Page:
Florida State League president Ken Carson made it a point to seek out Tim Tebow before a recent St. Lucie Mets game at Clearwater."I wanted to thank him," Carson said.The former Heisman Trophy winner and NFL playoff quarterback-turned-baseball hopeful is certainly deserving of some heartfelt words of appreciation.
Florida State League president Ken Carson made it a point to seek out Tim Tebow before a recent St. Lucie Mets game at Clearwater.
"I wanted to thank him," Carson said.
The former Heisman Trophy winner and NFL playoff quarterback-turned-baseball hopeful is certainly deserving of some heartfelt words of appreciation.
The Florida State League annually ranks at the bottom among all the Minor Leagues, just above the Rookie-level, in average attendance numbers. With Tebow as a gate attraction for the last half of the season, though, the 12-team Class A Advanced circuit is flirting with a potential attendance record.
"I just wish he had gotten here earlier so he could have made it to all the ballparks," Carson said.
Promoted from Class A Columbia in late June, the University of Florida legend quickly helped the St. Lucie Mets zoom past their attendance record for a season. It is when St. Lucie hits the road, though, that crowds really spike. Fort Myers, aided by holiday fireworks, packed in 9,478 on one game. Charlotte drew a record 7,515 when Tebow visited. A crowd of 7,157 came out in Tampa to see the Yankees and Mets. Clearwater drew 8,216 for a midweek game.
Tim Tebow bats for St. Lucie on July 21 against Florida. (Cliff Welch/MiLB.com)
To say those are outlier attendance figures would be a major understatement. In many of the ballparks, the number of people in the stands has historically been just a couple hundred.
That was pre-Tebow, of course.
More than a third of the first-year Florida Fire Frogs' home attendance so far came during a series with St. Lucie, with Tebow helping to attract 18,026 for four games in Kissimmee.
"You used to be able sometimes to just about count the crowd, if you wanted to call it that," St. Lucie first baseman Peter Alonso said. "There was no energy. Now you have a lot of fans every night and there's a lot more excitement. They come because of Tebow, but everyone gets pumped up."
Tebow poses for a photo with a Gators fan in Tampa on Aug. 13. (Cliff Welch/MiLB.com)
Attendance is up about 13 percent in the Florida State League, all thanks to just under eight weeks of Tebow, an athlete revered in the state regardless. The average of 1,527 on an attendance of 1,046,021 through 685 dates so far this year put the league in range of a possible record heading toward its final two weeks.
The Florida State League attendance of 1,296,962 -- an average of 1,642 per date -- was set in 2011.
With Tebow for a full season, the mark would have had no chance to stand.
"I'd compare it somewhat to when Michael Jordan was playing in Double-A in Birmingham, because he had that kind of draw," Clearwater general manager John Timberlake said before Tebow helped draw 22,939 for a four-game series against the Threshers, a Phillies affiliate. "His appeal is certainly massive when it comes to generating fans."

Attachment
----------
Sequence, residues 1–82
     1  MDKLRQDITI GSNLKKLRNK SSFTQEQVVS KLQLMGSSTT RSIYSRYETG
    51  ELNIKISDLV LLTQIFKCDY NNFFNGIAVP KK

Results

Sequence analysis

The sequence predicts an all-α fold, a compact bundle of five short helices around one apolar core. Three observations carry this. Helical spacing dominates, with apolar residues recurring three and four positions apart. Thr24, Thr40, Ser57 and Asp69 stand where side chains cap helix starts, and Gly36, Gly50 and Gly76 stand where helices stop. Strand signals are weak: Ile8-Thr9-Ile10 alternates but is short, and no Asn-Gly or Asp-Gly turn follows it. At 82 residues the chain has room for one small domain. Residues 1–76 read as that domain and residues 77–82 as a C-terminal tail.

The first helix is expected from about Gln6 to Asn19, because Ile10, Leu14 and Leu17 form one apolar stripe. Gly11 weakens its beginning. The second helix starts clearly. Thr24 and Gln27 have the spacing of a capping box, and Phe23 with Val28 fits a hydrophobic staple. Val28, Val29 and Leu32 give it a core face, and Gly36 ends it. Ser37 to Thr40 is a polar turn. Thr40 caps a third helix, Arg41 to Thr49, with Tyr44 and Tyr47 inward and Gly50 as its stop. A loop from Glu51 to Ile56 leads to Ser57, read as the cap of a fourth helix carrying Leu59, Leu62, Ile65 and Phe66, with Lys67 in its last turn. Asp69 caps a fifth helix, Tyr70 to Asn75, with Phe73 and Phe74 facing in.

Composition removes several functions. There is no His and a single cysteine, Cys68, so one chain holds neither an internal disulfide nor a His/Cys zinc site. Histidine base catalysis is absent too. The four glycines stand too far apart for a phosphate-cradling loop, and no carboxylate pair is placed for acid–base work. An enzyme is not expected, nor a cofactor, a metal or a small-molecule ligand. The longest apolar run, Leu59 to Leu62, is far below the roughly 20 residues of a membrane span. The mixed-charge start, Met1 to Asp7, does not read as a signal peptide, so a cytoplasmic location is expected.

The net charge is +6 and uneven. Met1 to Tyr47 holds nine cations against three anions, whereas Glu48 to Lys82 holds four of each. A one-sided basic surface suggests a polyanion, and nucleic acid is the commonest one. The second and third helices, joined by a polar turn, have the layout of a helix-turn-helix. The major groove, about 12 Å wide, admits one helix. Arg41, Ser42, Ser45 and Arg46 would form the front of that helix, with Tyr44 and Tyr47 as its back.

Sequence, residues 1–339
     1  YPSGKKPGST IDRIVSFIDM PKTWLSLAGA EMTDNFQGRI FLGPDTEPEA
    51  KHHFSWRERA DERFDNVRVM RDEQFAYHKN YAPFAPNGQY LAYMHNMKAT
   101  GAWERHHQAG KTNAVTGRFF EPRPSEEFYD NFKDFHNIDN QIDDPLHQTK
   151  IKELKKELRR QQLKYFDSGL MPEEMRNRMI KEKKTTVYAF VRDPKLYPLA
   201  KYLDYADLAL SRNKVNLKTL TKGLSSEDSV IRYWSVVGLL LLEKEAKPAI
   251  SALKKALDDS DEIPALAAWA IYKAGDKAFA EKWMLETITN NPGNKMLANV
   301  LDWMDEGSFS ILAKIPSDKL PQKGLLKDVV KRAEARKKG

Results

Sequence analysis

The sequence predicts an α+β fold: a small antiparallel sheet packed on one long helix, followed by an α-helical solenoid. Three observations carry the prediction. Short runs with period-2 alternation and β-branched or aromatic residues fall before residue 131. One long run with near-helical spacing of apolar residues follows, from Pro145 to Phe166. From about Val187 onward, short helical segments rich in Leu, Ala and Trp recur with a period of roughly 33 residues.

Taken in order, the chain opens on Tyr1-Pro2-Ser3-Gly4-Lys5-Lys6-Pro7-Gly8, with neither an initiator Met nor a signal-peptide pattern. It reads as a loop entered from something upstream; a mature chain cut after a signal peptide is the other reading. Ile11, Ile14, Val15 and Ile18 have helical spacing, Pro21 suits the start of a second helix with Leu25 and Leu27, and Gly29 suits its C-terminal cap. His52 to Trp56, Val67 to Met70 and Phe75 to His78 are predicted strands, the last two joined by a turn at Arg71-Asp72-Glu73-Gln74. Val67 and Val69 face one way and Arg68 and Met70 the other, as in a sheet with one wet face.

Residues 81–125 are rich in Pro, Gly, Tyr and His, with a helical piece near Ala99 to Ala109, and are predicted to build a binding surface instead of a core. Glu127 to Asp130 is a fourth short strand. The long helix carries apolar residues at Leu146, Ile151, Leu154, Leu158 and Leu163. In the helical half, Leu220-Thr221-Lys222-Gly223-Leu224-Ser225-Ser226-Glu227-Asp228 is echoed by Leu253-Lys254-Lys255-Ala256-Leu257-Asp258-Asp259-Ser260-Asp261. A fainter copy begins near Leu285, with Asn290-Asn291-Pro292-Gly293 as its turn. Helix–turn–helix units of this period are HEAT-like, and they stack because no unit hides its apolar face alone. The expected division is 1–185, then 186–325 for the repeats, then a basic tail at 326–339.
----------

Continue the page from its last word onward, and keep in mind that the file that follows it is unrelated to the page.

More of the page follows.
Tebow has drawn comparison's to NBA legend Michael Jordan's attempt at baseball in 1994 when he left the Bulls for the Double-A Birmingham Barons in the Southern League. (Cliff Welch, Getty Images)
Jordan returned to the NBA after one Minor League season and Tebow, who turned 30 recently and is batting .215, may not even make it to Double-A in his belated baseball flirtation. But most of the curious fans watching Tebow aren't there to critically evaluate his baseball skill set -- they are there as devotees of the college football legend and what he represents as a person.
"A lot of the people coming to the games don't necessarily care that much about baseball," Carson said. "They care about, and love, Tebow."
Tebow takes the field in front of onlooking fans in Clearwater on Aug. 14. (Nathan Ray/Threshers)
Always obliging for autographs, Tebow rarely disappoints his fans even on days he goes hitless with a couple strikeouts. One game he stood by and encouraged a youngster who was nervous about singing "God Bless America" during the seventh-inning stretch. Another time he left the on-deck circle to say hello to a boy with autism and then hit one of his five home runs for St. Lucie.
Chalk up another one for the Tim Tebow Legend.
"When I talked to him for about 15 minutes in Clearwater, I wanted to thank him for the fans he's drawn, but also the way he's handled everything," Carson said. "He's been wonderful."
"Despite all the attention, he acts like anyone else," said Alonso, a Florida native himself and also a former Gator. "He's a really good guy to have as a teammate."
In a league not known for filling seats, Tebow has been a boost at FSL ballparks this summer. (Mark LoMoglio/MiLB.com)
St. Lucie, in its 30th FSL season, had never drawn more than 105,379 fans before this year. With five home games remaining, the Mets were at 122,215 and could finish second in the league behind Clearwater.
The St. Lucie average before Tebow arrived was 1,745. Since, it is 2,402.
The Mets' largest home crowd this year, boosted by holiday fireworks and Tebow, was 6,974. The second biggest could come Friday, Sept. 1, for the home finale.
It will be Tim Tebow Bobblehead Night.
Guy Curtright is a contributor to MiLB.com.